(p. A17) Since Elon Musk purchased Twitter, he has undertaken a rapid restructuring that few large technology companies would attempt unless faced with an immediate liquidity crisis. Minutes after closing his purchase of the company, he started a process that reduced the workforce from 7,500 to 2,500 in 10 days.
Media pundits immediately slammed him, arguing that his slash-and-burn strategy would destroy one of the world’s most important social-media platforms—already in danger under the burden of $14 billion in debt. Much of this criticism came in the form of tweets, as the irony of using Twitter to denounce Twitter apparently escaped Mr. Musk’s critics. But the restructuring of Twitter won’t destroy the company.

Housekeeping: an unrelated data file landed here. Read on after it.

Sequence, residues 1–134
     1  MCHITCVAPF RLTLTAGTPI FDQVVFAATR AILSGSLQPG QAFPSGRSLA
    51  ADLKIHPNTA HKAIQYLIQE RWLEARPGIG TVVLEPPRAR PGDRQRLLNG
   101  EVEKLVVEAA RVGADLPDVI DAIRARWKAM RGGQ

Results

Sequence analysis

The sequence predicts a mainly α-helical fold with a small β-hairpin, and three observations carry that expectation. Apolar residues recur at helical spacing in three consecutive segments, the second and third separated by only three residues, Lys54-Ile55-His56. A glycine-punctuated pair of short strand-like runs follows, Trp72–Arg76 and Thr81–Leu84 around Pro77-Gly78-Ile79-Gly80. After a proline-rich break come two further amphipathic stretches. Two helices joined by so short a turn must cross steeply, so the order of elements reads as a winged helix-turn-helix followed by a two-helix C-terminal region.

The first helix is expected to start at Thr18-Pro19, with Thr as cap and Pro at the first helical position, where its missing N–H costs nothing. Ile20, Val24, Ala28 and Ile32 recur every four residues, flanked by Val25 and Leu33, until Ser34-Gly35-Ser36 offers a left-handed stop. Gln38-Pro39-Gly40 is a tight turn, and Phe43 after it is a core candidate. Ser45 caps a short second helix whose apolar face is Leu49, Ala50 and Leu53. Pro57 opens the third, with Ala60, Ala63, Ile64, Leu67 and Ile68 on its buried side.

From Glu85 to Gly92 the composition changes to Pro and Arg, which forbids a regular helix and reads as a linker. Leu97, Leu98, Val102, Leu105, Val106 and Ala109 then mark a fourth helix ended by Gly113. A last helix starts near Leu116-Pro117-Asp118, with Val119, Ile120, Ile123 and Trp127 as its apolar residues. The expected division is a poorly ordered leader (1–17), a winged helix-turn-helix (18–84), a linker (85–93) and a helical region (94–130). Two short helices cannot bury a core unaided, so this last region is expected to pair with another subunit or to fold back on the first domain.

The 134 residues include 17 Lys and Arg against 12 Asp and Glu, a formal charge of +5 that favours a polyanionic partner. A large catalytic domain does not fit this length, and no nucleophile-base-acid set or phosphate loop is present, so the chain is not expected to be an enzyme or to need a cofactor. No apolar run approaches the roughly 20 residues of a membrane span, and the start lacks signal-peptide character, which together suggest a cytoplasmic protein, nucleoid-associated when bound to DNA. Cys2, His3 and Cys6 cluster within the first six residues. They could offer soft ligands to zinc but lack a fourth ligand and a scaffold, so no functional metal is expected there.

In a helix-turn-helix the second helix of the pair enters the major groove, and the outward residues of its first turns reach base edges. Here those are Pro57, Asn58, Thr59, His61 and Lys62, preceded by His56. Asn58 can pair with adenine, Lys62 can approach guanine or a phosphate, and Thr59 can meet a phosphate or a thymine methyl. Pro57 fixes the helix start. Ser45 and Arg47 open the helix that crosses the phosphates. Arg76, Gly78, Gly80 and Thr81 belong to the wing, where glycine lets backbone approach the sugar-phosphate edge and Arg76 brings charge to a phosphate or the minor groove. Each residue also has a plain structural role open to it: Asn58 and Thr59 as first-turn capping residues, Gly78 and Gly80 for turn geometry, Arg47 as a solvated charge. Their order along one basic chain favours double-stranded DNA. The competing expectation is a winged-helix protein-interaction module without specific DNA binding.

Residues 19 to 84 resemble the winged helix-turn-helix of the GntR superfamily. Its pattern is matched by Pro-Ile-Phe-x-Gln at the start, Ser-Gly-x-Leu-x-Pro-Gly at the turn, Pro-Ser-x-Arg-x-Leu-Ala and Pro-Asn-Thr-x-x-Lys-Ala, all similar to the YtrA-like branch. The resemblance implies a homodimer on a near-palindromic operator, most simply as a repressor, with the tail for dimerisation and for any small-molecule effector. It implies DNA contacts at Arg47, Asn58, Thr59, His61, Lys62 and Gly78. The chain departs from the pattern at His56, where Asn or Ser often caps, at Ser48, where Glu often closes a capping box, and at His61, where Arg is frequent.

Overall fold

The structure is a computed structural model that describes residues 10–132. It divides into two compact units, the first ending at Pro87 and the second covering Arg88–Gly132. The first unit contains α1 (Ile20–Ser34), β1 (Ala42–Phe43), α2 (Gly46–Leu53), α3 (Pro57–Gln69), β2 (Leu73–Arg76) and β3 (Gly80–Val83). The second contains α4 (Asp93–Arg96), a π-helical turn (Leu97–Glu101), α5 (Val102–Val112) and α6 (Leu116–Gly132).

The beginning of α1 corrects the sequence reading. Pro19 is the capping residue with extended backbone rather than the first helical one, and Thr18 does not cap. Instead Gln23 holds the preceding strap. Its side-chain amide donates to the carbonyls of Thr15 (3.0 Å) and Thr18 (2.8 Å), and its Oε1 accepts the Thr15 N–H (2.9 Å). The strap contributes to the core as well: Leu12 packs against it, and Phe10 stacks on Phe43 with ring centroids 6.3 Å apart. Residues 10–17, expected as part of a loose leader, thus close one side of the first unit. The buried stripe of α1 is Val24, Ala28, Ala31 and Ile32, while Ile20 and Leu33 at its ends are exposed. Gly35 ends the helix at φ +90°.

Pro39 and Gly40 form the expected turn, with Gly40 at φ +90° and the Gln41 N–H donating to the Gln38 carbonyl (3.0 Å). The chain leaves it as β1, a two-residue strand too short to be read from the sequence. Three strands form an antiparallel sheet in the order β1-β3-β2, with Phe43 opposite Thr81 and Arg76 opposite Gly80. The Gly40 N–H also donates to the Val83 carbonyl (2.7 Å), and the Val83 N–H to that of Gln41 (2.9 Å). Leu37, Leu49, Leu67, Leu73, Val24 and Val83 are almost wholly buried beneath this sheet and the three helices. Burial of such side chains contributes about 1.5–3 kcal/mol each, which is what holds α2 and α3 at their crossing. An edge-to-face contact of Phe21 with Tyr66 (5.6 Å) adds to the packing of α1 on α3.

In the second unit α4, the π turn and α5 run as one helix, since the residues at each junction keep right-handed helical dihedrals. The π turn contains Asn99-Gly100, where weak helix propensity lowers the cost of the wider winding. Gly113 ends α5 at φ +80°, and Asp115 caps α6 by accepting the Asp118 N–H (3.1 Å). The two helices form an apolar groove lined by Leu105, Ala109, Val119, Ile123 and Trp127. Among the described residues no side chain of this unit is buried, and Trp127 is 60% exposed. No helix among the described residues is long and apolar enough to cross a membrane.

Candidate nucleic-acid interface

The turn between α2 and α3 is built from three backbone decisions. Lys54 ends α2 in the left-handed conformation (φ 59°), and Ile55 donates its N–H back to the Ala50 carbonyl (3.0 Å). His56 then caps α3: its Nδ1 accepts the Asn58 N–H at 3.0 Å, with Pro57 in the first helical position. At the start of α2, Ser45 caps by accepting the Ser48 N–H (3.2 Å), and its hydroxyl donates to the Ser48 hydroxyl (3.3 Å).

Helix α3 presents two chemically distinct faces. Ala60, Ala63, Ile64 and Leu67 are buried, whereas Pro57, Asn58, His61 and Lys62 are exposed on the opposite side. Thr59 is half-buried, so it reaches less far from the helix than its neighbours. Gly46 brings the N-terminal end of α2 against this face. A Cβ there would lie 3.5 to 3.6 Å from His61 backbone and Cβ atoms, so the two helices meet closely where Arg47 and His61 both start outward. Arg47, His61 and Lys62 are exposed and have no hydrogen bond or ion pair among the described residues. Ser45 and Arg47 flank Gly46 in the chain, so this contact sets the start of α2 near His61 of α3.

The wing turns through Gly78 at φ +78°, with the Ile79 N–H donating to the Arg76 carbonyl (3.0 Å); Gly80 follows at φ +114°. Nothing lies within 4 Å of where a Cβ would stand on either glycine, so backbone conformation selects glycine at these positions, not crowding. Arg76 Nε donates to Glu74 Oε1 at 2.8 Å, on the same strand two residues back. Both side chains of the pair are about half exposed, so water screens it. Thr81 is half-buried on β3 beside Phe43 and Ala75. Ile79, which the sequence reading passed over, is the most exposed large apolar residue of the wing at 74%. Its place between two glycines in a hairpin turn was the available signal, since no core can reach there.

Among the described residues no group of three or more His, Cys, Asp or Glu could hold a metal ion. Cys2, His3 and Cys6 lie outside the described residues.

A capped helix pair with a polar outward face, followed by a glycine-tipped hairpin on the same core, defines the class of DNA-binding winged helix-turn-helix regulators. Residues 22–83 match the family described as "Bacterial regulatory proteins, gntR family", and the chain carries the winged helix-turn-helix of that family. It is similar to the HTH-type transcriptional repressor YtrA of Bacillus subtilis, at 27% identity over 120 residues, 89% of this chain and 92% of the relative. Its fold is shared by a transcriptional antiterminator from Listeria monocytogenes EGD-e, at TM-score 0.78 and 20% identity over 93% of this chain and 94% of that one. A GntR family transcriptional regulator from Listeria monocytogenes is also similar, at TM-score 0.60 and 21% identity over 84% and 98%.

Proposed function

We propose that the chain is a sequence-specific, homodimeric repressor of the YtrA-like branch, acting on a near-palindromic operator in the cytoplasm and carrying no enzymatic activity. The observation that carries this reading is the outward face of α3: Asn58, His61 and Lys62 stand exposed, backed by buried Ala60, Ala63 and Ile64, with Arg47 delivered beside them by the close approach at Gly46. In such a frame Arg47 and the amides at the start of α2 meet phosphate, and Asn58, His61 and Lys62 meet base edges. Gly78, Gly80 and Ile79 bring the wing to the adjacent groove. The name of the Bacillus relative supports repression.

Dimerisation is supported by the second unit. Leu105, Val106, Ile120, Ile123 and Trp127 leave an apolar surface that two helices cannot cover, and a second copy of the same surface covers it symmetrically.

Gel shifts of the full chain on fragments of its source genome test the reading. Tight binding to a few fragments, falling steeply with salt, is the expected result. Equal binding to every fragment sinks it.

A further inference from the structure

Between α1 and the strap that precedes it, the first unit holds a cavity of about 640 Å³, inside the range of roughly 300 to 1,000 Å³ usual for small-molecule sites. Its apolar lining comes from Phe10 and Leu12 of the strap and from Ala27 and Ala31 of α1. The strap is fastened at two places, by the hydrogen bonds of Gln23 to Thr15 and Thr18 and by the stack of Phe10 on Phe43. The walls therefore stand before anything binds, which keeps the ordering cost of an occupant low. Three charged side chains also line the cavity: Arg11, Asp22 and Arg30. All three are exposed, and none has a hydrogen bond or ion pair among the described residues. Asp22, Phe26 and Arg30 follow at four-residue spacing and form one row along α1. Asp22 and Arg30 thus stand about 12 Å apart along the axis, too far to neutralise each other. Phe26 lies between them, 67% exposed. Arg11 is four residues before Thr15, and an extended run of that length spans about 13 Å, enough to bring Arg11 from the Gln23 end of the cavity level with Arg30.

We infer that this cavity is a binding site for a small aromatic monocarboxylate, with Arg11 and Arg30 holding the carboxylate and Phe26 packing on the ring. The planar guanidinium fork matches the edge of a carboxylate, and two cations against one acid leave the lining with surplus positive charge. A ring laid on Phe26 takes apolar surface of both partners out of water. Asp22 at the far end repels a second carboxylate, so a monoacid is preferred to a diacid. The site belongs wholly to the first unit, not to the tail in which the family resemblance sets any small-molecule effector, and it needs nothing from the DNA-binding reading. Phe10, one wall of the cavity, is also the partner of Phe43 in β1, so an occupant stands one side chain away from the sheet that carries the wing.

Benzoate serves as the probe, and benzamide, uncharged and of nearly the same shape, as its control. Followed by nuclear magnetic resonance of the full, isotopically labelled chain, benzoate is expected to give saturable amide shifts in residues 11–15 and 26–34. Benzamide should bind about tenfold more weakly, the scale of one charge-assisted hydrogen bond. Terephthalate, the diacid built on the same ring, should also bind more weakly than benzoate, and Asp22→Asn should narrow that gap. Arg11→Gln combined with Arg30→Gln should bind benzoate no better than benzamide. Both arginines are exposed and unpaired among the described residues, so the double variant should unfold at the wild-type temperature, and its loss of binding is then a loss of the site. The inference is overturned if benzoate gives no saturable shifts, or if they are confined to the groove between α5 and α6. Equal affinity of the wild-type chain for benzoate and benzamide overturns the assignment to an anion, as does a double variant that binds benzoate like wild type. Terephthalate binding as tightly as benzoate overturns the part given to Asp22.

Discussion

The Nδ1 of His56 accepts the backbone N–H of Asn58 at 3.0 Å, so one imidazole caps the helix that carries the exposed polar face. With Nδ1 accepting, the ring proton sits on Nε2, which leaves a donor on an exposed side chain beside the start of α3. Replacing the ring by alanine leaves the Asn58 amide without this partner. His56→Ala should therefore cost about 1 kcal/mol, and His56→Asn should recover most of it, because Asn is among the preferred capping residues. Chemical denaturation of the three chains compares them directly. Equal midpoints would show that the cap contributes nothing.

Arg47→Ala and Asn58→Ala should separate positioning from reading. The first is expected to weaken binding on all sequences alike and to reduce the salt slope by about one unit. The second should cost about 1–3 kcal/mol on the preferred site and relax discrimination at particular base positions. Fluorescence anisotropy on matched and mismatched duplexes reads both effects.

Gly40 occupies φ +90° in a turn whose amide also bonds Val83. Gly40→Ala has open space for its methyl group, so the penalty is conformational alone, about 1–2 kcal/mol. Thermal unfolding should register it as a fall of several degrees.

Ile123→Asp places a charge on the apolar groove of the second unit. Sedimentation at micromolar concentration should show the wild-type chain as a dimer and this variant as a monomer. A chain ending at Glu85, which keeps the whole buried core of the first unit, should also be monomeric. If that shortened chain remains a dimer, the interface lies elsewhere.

Mr. Musk is trying to cure a degenerative corporate disease: systemic paralysis. Symptoms include cobwebs of corporate hierarchies with unclear reporting lines and unwieldy teams, along with work groups and positions that have opaque or nonsensical mandates. Paralyzed companies are often led by a career CEO who builds or maintains a level of bureaucracy that leads to declines in innovation, competitive stature and shareholder value.
Mr. Musk set his new tone immediately. He eliminated a 12-member team responsible for artificial-intelligence ethics in machine learning, the entire corporate communications department, and a headquarters commissary that cost $13 million a year (despite prior management’s pandemic decree that Twitter employees would be “remote forever”).
Three attributes give Mr. Musk a better chance of rebuilding Twitter into an innovative force in social media: He is an operator, an engineer and a sole owner.
For the full commentary, see:
(Note: the online version of the commentary has the date December 8, 2022, and has the same title as the print version.)